Money, opportunity lure immigrants to Colorado, and many stay on
Sitting in his downtown Greeley apartment, Francisco Montes feels a lifetime away from his hometown on the Pacific Ocean in El Salvador.
Montes often daydreams about his favorite spot on the beach, where he would spend his free days listening to the waves break on the sand and leaves rustle in the wind as he dozed off in his hammock.
Montes is no prisoner. He knows he could be back at the spot in a less than a week if he decided. But it’s not that simple.
If he goes home, he’ll leave behind a construction job that pays four times as much as he could make at home, and a wealth of opportunities not available in El Salvador for his two small children who were born here.
Montes faces the same dilemma as millions of foreign-born in the U.S.: make money while living in a culture, language and climate sometimes uncomfortable to them, or return home to their comfort zone and live in poverty.
“I’m not here because I like it,” said Montes, 42. “I’m here because it works for me.”
Montes’ story reflects a common one in Greeley, Weld County, Colorado and the U.S. Even though the Honduran-born Montes is currently here legally (he has temporary protected status granted to him as Honduran refugee), he entered the country illegally in 1998 and has spent much of his time without proper documentation.
A study from the Pew Hispanic Center estimates that 10.3 million illegal immigrants live in the U.S, and between 200,000 and 250,000 in Colorado ” now identified as one of the growing destination states for illegals.
In 1998, Montes paid a coyote (a person who smuggles people across the U.S.-Mexico border) $4,700 to take him from El Salvador to Los Angeles. He’s been in the U.S. since, working in factories, slaughterhouses and construction.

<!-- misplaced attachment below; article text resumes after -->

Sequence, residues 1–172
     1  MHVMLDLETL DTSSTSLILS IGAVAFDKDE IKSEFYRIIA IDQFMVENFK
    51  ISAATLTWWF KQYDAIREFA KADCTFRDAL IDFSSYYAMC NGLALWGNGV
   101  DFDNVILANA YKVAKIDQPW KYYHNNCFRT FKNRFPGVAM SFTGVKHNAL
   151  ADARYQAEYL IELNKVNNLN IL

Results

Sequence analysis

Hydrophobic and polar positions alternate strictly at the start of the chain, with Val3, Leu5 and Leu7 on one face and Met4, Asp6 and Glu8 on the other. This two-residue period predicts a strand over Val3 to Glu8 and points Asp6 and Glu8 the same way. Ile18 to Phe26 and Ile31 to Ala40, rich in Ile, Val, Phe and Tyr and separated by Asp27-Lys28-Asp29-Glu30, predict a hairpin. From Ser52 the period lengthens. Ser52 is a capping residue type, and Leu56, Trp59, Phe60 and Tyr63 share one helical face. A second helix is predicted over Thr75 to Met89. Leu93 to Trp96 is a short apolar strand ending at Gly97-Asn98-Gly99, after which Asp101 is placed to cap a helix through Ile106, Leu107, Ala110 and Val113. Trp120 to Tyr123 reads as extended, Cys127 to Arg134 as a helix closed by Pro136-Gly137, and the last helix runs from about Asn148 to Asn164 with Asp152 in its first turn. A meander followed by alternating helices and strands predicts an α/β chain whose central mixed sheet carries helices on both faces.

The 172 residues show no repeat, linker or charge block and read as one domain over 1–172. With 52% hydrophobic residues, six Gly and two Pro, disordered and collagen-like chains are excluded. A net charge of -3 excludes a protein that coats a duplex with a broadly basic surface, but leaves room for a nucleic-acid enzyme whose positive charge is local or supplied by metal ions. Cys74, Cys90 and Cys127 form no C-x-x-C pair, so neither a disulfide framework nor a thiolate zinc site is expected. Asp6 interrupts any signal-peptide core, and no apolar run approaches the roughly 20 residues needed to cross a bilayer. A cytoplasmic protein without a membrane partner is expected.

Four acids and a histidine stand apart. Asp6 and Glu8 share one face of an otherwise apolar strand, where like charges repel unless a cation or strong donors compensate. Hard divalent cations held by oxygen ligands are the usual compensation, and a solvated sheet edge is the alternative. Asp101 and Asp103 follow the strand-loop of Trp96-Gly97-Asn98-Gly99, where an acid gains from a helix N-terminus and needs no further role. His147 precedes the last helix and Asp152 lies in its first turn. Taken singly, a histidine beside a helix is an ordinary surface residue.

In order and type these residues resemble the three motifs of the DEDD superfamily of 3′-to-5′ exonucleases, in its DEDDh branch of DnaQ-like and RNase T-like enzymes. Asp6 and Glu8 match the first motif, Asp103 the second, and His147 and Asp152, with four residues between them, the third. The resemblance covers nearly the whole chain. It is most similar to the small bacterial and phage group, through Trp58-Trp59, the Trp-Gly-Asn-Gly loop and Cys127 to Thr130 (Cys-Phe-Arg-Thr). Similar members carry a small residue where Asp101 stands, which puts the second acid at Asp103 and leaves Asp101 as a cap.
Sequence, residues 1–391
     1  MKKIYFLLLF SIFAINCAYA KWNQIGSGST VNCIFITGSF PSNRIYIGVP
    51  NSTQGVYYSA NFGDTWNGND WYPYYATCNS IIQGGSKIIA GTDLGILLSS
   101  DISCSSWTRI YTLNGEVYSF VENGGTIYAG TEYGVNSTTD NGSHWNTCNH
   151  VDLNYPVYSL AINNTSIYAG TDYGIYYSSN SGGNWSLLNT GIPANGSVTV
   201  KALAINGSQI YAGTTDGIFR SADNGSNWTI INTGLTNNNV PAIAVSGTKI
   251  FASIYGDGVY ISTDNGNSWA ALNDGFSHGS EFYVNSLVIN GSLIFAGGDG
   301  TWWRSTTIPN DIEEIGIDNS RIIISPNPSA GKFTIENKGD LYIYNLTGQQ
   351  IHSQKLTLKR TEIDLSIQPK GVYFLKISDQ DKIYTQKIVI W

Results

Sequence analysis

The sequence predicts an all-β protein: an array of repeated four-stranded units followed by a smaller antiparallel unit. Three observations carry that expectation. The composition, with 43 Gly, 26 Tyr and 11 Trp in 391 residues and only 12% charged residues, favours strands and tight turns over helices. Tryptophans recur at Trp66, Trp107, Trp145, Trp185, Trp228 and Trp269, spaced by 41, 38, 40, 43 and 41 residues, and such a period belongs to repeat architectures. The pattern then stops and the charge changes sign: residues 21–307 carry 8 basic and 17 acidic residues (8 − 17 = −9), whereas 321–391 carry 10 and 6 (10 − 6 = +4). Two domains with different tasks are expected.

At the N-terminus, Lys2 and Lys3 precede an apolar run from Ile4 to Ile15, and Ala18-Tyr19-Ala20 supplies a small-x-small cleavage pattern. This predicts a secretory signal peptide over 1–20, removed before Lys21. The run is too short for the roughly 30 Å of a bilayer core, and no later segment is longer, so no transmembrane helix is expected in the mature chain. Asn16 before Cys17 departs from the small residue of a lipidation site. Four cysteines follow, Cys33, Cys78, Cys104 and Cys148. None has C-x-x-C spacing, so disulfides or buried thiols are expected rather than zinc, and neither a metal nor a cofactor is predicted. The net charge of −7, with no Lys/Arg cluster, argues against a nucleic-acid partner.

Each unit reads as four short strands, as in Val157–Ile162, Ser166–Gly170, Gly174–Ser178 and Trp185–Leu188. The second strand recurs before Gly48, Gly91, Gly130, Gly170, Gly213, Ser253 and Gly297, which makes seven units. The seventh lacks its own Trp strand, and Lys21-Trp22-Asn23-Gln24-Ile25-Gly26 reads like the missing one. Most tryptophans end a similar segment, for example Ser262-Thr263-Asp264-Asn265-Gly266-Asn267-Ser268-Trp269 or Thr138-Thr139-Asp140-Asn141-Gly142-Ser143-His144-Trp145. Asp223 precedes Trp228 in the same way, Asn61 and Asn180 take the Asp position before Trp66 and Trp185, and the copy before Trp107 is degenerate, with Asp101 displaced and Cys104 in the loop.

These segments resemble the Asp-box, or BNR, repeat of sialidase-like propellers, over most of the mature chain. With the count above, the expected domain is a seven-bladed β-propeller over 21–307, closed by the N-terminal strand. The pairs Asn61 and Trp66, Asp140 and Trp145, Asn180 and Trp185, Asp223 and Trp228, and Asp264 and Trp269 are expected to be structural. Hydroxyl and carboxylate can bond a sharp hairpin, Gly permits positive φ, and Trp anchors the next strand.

Montes said if he could make half ” or even a third ” of what he makes in the U.S., he’d be on the first bus back to El Salvador. But, he says he would make, at best, $250 a month in El Salvador working construction or in other manual labor. Here, he makes about $2,500 per month at his construction job.
He uses that to supports his wife and two children here and also sends $350 a month to his mother and three sons (from a previous marriage) in El Salvador. He recently moved his family out of an apartment and bought a house.
His two small children ” 3-year-old Gabriela and 6-month-old Elian ” were born here and thus are U.S. citizens. He knows that returning to El Salvador would deprive them of educational, recreational and cultural opportunities not available in his home country.
As “anchor babies,” Gabriela and Elian can petition for their parents’ U.S. residency when they turn 21. Even though Montes may want to return home, the whole situation serves as a set of shackles that keeps him and his family in the U.S.
Montes doesn’t believe he’s done anything wrong. He’s helped build schools, prisons and office buildings throughout northern Colorado.
He’s worked continually since his arrival in 1998. He has a valid driver’s license, auto insurance and has never had trouble with the law.
He believes that he and other immigrants should obey laws. He gets upset when he sees other illegal immigrants drive without auto insurance and licenses, and change their names from year to year.
“We are in the country, we have to do what the laws tell us,” Montes said.
Yet, he doesn’t have health insurance even though his employer, Don’s Masonry in Loveland, offers it. He said the premium is too high.
Emergency Medicaid covered the expenses when his common-law wife gave birth to the couple’s two children in public hospitals ” the first at St. Anthony’s in Denver and the second at North Colorado Medical Center in Greeley.
The couple secured Medicaid, which covers the children’s medical expenses. The couple says it’s the only handout they take. Montes said he’ll risk his own health but doesn’t want to risk his children’s.
“If I could cover these expenses, I would cover them, but I have children in El Salvador that I have to help, too,” Montes said.
At the end of the day, Montes said he feels he’s contributed more than he’s taken.
“I think with what I’m doing, I’m not hurting anyone,” Montes said. “And I might be doing something that others might not want to do.”
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